RCMP chief says he hopes MPs don't name politicians accused of aiding foreign powers in the House

RCMP Commissioner Mike Duheme speaks during a news conference in Ottawa on Thursday, Feb. 8, 2024.  (Adrian Wyld/The Canadian Press - image credit)
RCMP Commissioner Mike Duheme speaks during a news conference in Ottawa on Thursday, Feb. 8, 2024. (Adrian Wyld/The Canadian Press - image credit)

The head of RCMP says he's uneasy with the idea that politicians could use their parliamentary privilege to name colleagues accused of aiding foreign powers.

Earlier this month, the National Security and Intelligence Committee of Parliamentarians (NSICOP), a cross-party committee of MPs and senators with top security clearances, released a heavily redacted document alleging — based on intelligence reports — that some parliamentarians have been "semi-witting or witting" participants in the efforts of foreign states to interfere in Canadian politics.

The RCMP has said anyone who leaks classified intelligence could be charged under Canada's secrets law. The Liberal government has still faced pressure from the Conservatives and others to release the names of those cited in the report on the floor of the House of Commons, where MPs enjoy parliamentary privilege protecting them from arrest.

It's not a scenario RCMP Commissioner Mike Duheme wants to think about.

"I'm inclined to say that would be a challenge for us. If it was out in the public domain, it'd be different because you're disclosing top secret information," he said in an interview with Rosemary Barton Live.

"Let's hope we don't have to cross that road."

WATCH | Top Mountie says naming names from NSICOP report would pose 'a challenge for us' 

Duheme said he'll let the government decide how best to handle the situation, but urged caution.

"But I am concerned if we're starting to disclose secret or top secret information," he said. "It could put in peril tradecraft, partnerships, especially international partnerships."

Green Party Leader Elizabeth May, who had the proper security clearance to read the unredacted report earlier this month, said it contains "no list of MPs who have shown disloyalty to Canada."

NDP Leader Jagmet Singh also read the classified report and said he's "more convinced than ever" that some parliamentarians are "willing participants" in foreign states' efforts to interfere in Canadian politics.

A party spokesperson later said that Singh's comments should not be taken as confirming or denying that the parliamentarians cited in the report are currently serving.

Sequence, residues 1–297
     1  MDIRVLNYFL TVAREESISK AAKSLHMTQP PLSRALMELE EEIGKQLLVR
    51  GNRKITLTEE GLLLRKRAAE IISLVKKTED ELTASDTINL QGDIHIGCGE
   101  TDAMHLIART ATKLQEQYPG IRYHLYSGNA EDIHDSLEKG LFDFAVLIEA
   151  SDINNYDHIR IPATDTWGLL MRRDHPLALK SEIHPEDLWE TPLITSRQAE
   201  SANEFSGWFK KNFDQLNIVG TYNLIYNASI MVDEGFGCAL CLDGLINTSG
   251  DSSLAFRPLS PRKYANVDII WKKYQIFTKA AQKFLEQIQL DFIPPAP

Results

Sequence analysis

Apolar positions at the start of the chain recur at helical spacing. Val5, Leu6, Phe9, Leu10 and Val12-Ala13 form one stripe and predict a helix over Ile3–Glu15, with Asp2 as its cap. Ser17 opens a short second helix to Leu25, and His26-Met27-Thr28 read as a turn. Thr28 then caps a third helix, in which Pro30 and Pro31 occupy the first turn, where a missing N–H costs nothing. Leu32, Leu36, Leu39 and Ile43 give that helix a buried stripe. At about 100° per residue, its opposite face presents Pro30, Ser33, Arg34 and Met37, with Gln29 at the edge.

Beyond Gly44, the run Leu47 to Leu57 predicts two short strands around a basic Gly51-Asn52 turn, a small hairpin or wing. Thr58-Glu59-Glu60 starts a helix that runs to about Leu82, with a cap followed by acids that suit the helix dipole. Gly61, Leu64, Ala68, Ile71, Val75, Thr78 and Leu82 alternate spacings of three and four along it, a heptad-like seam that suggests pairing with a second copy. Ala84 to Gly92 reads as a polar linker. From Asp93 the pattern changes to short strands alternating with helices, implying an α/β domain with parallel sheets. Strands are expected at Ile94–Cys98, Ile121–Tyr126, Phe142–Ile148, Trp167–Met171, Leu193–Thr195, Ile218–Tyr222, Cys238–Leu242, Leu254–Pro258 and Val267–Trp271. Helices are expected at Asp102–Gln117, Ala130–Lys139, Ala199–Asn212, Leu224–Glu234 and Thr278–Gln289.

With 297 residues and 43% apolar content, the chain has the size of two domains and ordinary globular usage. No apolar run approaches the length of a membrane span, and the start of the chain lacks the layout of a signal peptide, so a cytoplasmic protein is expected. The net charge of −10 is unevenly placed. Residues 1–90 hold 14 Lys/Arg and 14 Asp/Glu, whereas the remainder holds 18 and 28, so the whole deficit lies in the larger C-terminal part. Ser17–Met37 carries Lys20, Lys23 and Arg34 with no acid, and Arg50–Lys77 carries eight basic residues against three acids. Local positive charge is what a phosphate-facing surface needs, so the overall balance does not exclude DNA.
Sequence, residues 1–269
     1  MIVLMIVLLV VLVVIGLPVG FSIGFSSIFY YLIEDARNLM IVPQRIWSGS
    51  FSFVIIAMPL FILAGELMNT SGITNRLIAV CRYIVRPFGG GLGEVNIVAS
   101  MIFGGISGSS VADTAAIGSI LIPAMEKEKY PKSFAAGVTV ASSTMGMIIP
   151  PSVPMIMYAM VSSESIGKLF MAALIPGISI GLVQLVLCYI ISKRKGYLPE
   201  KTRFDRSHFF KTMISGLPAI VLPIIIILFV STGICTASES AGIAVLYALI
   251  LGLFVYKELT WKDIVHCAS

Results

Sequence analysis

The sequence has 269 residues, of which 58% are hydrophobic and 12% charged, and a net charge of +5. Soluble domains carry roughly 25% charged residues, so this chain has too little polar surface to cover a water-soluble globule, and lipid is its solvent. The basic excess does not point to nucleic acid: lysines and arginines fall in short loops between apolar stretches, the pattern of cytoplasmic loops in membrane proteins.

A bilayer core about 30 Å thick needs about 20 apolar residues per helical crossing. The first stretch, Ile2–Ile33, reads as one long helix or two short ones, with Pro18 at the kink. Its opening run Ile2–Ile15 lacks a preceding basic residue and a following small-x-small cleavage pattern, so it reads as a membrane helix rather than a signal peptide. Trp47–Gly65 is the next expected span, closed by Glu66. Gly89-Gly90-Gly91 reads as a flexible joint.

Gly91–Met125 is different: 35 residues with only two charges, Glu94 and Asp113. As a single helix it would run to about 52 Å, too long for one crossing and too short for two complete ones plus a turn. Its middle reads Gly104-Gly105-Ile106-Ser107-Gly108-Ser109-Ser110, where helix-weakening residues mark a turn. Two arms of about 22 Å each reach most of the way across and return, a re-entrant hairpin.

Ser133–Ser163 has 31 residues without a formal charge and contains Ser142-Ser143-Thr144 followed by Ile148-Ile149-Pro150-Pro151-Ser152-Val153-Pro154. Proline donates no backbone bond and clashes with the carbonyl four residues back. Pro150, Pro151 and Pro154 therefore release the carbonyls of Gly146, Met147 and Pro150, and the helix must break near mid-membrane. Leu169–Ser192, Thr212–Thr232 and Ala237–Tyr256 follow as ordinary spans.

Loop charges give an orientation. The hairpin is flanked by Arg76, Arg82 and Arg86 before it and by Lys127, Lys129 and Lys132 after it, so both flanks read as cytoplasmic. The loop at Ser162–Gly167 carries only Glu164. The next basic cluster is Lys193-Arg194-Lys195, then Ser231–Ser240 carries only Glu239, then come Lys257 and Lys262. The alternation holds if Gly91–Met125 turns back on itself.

After the NSICOP report was made public, the RCMP issued a statement that said the force "did not receive information regarding all the matters contained in the report."

Duheme told Rosemary Barton Live that since then, the RCMP has circled back with the Canadian Security Intelligence Service (CSIS) to see if there are any avenues for further investigation.

"I'll just leave it at that. But when we have the necessary information to launch a criminal investigation, we will launch a criminal investigation," he said.

Intelligence to evidence dilemma 'frustrating': Duheme 

In its report, NSICOP cited what it called "numerous instances" in the course of its review of intelligence agencies failing to share information with law enforcement bodies, including the RCMP.

It called this a "critical gap" and proposed a government review.

The use of intelligence as evidence has been a long-standing point of contention among Canada's security agencies, the police and the courts.

The so-called "intelligence to evidence" dilemma involves striking a balance between the need to shield sensitive intelligence and law enforcement's use of that information, along with the need to protect an accused's right to a fair trial.

Duheme added the RCMP has an "excellent relationship" with CSIS but the problems involved in using intelligence as evidence have plagued the two agencies for years.

"We know sometimes it's a challenge and it's frustrating," he said.

"I think we've got to bring these people, who are far smarter than me, to the table and see how do we isolate that and introduce it into a criminal investigation. But you know what? It's not an easy fix because we've been at it for several years."